Jay pours Dragon Skin into a mold
Jay pours Dragon Skin into a mold

Jay found good results from painting the Dragon Skin directly onto the skeleton pieces.

Painting the Dragon Skin directly onto the skull
Painting the Dragon Skin directly onto the skull

I suggested using spray-foam to build up chunks of muscle on the bones, and then painting the Dragon Skin onto that. Along with Michael Krikorian, we prototyped up a number of bones with a variety of techniques to compare them. We decided that overemphasizing the depth of the ridges and covering the foam with Rosco FoamCoat led to our favorite results.

Layering Dragon Skin on top of foam
Layering Dragon Skin on top of foam

“Silc Pig” comes in a number of different colors, so we mixed various batches of Dragon Skin to simulate fat, muscle, skin, and various other bits of chunky ooze on the bones.

There are a number of important things to keep in mind. First, silicone rubber reacts with certain chemicals, which keep it from curing. Most importantly is latex, so if you use latex gloves when working and touch the mixture, it will remain in liquid form. Use vinyl or nitrile gloves. We also found that hot glue will keep the Dragon Skin from curing. Also, use an accurate scale. The measurements need to be precise, and you cannot do it by sight alone.

Most importantly, as always, good research is the key to a realistic product. Everybody knows what muscle looks like until it comes time to actually carve it. Needless to say, doing research for this project was particularly vomit-inducting.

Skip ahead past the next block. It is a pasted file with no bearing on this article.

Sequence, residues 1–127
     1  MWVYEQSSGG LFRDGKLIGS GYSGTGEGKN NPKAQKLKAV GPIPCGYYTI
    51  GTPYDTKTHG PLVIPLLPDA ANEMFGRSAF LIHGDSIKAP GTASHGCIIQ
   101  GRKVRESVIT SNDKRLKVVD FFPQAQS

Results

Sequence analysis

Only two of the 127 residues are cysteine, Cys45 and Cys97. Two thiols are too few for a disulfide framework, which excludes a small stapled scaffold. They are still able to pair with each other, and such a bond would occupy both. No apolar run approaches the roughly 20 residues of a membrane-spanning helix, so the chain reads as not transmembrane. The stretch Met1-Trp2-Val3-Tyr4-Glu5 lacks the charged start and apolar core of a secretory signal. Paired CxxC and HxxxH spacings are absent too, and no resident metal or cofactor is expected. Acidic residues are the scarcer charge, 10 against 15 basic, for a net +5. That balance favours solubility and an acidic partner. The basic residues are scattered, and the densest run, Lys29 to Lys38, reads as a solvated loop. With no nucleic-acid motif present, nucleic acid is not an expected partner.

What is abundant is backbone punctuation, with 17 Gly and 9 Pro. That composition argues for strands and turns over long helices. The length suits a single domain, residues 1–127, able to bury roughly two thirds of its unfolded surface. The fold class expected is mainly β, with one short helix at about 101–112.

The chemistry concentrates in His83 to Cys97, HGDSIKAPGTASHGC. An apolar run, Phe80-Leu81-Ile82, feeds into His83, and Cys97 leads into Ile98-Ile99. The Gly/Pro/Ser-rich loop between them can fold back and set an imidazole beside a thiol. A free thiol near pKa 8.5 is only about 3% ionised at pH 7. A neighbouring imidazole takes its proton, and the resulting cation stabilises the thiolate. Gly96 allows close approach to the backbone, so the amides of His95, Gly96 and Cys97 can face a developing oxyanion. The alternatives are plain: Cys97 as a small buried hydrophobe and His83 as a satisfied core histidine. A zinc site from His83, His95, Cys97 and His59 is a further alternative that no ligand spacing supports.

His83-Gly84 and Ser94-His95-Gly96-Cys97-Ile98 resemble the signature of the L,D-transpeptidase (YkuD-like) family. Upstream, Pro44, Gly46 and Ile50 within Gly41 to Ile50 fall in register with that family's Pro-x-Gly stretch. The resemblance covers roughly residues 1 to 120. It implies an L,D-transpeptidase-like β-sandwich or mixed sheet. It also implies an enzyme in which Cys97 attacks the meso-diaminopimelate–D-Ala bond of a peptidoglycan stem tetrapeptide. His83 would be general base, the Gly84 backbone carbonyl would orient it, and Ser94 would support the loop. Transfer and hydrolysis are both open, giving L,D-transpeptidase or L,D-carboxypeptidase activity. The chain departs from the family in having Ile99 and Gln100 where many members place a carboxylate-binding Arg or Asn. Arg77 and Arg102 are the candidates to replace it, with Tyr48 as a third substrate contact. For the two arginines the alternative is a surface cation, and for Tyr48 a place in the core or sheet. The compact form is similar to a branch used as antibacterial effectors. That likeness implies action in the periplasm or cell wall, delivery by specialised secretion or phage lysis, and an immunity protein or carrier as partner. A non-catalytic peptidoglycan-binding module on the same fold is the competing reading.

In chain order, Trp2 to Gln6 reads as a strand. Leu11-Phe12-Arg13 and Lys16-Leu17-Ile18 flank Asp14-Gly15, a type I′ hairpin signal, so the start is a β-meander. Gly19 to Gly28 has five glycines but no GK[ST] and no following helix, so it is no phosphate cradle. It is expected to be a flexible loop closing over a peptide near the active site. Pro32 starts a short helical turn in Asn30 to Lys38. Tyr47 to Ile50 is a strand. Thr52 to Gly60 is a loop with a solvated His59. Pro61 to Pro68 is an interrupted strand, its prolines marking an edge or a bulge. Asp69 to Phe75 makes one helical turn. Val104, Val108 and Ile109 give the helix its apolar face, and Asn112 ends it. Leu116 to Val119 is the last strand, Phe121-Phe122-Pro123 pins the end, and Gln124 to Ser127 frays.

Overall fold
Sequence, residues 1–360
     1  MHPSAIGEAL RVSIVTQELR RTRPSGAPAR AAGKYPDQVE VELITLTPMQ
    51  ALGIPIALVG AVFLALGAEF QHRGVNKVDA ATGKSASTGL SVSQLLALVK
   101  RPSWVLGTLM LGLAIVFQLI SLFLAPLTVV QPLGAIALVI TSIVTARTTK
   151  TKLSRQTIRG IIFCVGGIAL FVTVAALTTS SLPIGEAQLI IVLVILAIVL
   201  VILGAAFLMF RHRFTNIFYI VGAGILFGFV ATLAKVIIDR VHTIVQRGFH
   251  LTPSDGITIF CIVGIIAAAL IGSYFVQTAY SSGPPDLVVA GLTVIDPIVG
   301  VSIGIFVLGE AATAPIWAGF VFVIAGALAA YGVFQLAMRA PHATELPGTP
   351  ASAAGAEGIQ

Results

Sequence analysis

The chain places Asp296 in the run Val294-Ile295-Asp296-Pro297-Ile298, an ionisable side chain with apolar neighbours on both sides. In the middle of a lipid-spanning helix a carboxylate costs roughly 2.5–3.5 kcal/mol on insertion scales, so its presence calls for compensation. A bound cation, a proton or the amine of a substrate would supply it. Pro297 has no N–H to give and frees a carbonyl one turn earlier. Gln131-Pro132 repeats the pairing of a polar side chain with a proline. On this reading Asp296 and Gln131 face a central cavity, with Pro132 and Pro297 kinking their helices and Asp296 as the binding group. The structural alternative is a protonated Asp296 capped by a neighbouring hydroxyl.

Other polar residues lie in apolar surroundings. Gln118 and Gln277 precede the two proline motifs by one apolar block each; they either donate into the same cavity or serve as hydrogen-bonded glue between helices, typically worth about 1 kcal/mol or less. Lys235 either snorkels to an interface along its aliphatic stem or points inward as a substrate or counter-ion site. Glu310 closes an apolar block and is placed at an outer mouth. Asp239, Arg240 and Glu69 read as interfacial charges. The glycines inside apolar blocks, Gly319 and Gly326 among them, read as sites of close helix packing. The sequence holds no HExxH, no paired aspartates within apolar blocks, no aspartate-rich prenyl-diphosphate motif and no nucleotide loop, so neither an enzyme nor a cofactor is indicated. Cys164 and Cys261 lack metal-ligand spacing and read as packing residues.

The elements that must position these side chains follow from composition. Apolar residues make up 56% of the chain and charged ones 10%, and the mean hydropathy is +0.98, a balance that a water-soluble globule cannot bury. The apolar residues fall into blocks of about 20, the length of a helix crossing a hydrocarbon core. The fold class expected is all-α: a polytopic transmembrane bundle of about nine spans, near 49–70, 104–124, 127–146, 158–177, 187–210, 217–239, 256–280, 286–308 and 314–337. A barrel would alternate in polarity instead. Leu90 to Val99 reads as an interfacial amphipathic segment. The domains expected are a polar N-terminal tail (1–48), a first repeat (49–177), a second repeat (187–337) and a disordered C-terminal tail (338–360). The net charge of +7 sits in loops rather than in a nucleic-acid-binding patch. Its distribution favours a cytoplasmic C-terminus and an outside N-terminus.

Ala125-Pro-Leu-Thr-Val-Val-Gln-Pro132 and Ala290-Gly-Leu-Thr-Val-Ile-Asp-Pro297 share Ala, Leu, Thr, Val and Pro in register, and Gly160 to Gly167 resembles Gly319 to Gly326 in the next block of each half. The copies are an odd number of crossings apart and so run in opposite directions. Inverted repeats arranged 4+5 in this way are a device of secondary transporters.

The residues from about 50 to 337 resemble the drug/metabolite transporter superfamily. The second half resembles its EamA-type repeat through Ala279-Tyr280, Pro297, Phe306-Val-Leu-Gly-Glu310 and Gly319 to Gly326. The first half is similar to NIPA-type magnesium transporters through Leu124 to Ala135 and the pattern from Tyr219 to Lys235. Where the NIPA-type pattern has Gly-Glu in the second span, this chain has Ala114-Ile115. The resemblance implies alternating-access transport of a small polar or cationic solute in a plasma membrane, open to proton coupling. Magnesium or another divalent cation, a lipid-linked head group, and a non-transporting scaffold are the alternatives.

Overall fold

Now that we’ve come up with a repertoire of techniques to use, we can begin work on the actual prop. Keep watching this blog for more photographs of our progress.

The final skull prototype. All photos by Eric Hart
The final skull prototype. All photos by Eric Hart
Inside the props shop at the Public Theatre

Jay Duckworth

Jay makes a flat foam figure.
Jay makes a flat foam figure.

I’ve been working in the props shop at the Public Theatre for the past week and a half. Jay Duckworth is the props master there, and a fantastic guy to work for. You can see his work on his website.

Jay runs a podcast on props. You can listen to “Prop Dept” on iTunes. I’ve never really dealt with podcasts before, so I don’t know how you would get it if you don’t have iTunes installed. I have it, so I was able to download the latest five episodes. He presents tips and tricks such as making a barb-wire crown that oozes blood, turning a switchblade comb into a switchblade knife, and making slime.